This is the hot topic for disclosure. How do you go about telling someone you are dating about your status? When should you tell them? Should you tell everyone that you date? There is no simple answer  to these questions. Everything is about timing. Lets start with the when and the should. I think you should tell a person at a time that you are comfortable and before you get too invested. Whether someone accepts it is their personal decision, and waiting months and months won't really change their feelings on the subject matter.  I do not agree with telling on first dates because you miss an opportunity to get to know the person to see if you even like them enough to tell them about your status. You also don't give them enough time to know you. So this also answers should you tell everybody you date, which is no. Some people you may not see a future with or it may not be someone you want to pursue. Telling them will cause you to feel like it was a mistake when you decide that you didn't really like them. How to disclose to someone can be the tricky part. My suggestion in this is to speak confidently, be prepared for questions and state the facts. You don't  have to go into detail about how you got it or tell anything  that makes you uncomfortable. Be prepared to educate though, because that helps with their understanding of the disease. Allow them space if they think that's necessary. I learned through years of disclosure that I got a lot of respect by being honest and had a pretty decent dating life. Even if they didn't understand I got some friends out of the deal. Now, you may get rejected but that's fine look at it like someone who you wouldn't want to date anyhow. HIV is your issue but it could have been anything that they didn't accept like you having kids or some other illness. In this dating scene the power is in your hands not theirs. You get to choose and be selective.

Friends/ Family

When disclosing to those close to you sometimes the aftermath is the hardest. You may find it easy to tell them and they may seem ok with it. The hard part is them dealing with it. Sometimes they put that on you and it can be hard. So when disclosing to family make sure you are ready to educate and to direct them to sources. Also let them know how they can support you in this journey. You may also deal with them telling other people, which sometimes is okay. Your loved one needs to cope as well and have someone to talk to about it. You may not be at the capacity to talk and help with their healing. One thing that I can admit to is that I made the mistake of posting my YouTube video and not telling a lot of my family. So they found out with the rest of the world. Some were hurt and others just don't talk about it. To be honest I didn't want to keep saying it over and over again and I didn't want the pity. The support I needed the most came from my family and I could have used that years ago. It may be hard but family members will love you unconditionally and give you the support you need to get through.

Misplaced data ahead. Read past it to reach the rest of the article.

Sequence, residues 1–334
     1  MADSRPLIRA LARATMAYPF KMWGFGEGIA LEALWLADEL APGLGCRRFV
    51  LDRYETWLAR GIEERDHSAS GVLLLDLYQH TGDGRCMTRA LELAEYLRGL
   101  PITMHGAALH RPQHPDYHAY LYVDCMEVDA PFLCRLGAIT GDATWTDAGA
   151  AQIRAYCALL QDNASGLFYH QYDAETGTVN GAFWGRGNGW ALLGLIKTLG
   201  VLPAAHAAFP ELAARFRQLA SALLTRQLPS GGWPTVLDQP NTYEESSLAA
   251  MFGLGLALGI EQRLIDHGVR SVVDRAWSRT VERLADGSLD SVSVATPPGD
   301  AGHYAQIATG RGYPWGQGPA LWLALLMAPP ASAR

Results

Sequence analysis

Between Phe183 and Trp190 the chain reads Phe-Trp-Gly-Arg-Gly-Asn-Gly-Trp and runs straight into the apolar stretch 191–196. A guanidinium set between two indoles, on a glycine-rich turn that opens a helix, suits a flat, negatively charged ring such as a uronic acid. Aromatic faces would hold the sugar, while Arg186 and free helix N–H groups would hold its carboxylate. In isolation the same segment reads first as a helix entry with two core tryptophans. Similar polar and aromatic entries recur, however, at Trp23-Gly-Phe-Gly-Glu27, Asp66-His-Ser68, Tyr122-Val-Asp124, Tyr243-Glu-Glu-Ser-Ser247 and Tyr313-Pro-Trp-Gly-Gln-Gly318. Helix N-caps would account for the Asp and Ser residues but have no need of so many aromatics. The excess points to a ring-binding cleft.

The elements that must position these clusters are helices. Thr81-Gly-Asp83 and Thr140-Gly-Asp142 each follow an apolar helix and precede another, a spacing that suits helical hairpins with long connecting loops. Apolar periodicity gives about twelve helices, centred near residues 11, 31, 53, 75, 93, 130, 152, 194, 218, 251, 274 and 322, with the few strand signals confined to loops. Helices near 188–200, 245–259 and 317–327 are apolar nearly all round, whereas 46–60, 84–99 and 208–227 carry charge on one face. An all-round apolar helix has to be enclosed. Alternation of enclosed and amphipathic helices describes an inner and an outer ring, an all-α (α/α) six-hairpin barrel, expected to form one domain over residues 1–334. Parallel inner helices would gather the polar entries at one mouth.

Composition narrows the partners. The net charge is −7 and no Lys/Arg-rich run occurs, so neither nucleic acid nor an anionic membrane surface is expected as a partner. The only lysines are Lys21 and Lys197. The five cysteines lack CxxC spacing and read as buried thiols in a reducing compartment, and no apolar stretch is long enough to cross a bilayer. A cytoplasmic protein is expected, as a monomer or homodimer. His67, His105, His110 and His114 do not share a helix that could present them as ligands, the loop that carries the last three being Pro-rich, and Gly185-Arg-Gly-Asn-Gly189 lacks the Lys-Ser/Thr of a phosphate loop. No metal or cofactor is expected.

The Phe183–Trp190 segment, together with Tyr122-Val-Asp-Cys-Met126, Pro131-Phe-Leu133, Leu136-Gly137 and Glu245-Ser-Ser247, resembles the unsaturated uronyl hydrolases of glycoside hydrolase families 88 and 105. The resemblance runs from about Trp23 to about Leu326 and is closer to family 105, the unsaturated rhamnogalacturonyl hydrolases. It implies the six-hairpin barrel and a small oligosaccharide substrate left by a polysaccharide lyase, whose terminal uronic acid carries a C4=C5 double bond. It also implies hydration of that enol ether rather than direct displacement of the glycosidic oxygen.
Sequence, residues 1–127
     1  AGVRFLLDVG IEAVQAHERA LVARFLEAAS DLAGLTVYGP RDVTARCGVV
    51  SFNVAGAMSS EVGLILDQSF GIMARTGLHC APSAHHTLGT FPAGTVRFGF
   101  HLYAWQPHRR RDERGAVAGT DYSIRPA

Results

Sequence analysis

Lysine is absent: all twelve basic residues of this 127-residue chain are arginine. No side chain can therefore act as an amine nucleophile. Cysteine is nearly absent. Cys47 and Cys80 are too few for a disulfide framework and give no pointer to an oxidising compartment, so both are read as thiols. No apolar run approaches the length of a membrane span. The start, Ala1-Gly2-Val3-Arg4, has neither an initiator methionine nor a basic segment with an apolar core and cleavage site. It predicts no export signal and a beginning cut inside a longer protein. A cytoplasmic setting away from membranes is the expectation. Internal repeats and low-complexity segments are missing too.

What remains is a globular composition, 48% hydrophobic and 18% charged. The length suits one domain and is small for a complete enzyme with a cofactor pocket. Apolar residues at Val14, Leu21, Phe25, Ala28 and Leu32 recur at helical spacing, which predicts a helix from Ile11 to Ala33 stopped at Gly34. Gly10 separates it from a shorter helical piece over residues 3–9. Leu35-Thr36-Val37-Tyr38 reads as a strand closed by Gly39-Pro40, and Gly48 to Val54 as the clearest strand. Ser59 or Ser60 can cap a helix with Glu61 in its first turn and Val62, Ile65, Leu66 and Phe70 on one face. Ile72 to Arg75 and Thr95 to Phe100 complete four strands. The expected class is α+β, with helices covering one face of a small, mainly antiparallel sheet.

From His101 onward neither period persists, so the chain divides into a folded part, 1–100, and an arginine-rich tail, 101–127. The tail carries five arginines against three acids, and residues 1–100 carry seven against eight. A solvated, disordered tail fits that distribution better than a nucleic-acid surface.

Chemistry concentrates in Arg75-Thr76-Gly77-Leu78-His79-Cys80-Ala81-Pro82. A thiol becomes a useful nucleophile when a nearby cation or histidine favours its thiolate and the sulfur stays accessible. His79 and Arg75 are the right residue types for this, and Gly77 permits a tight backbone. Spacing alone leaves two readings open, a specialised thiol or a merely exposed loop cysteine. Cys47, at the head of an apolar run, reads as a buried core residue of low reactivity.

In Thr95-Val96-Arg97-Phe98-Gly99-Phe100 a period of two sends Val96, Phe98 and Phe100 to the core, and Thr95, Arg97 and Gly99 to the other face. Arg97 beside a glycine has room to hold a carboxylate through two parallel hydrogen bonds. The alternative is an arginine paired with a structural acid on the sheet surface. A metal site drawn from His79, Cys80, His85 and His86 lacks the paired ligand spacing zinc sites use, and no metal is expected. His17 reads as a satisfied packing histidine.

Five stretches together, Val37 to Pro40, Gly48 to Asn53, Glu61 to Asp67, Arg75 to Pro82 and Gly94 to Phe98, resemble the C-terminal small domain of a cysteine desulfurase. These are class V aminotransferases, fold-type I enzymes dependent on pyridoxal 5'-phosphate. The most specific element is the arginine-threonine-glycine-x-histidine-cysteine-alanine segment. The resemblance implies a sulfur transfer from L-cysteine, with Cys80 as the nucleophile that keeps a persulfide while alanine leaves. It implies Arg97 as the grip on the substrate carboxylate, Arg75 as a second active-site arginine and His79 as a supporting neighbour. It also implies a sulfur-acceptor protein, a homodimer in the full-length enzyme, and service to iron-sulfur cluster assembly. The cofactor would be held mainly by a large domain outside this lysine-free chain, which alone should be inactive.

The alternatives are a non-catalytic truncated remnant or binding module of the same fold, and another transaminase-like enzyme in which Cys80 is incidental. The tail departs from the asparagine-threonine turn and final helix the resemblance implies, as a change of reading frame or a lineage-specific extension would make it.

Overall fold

Are you Ready?

The biggest part of disclosure is are you ready? You have to be prepared for what can happen after you disclose. It's not an easy thing to do and rejection can hurt. You can't sit around and place life on hold because of it. After you get into care and begin to accept your status you will find disclosure to be easier. You will get to a place where what will happen won't matter to you. When I disclosed in such a public way it was hard. My heart beat fast for hours. I had so many friends on Facebook from family to co-workers.  I thought my job would be in jeopardy. This was all false evidence appearing real (fear). Nothing but love and support came from this video and until this day that is all it has  been. I am proud that I took this leap because now I can be free from it. Its nothing you can say about me that I haven't said about myself. Now I am working on getting my book published. I can't believe it. It is because I choose faith over fear.

For more information about disclosure or dealing with someone disclosing to you check out this video below

Disclosure Video

Also check out my book here, which details some disclosure situations and gives more tips about disclosure

Buy Book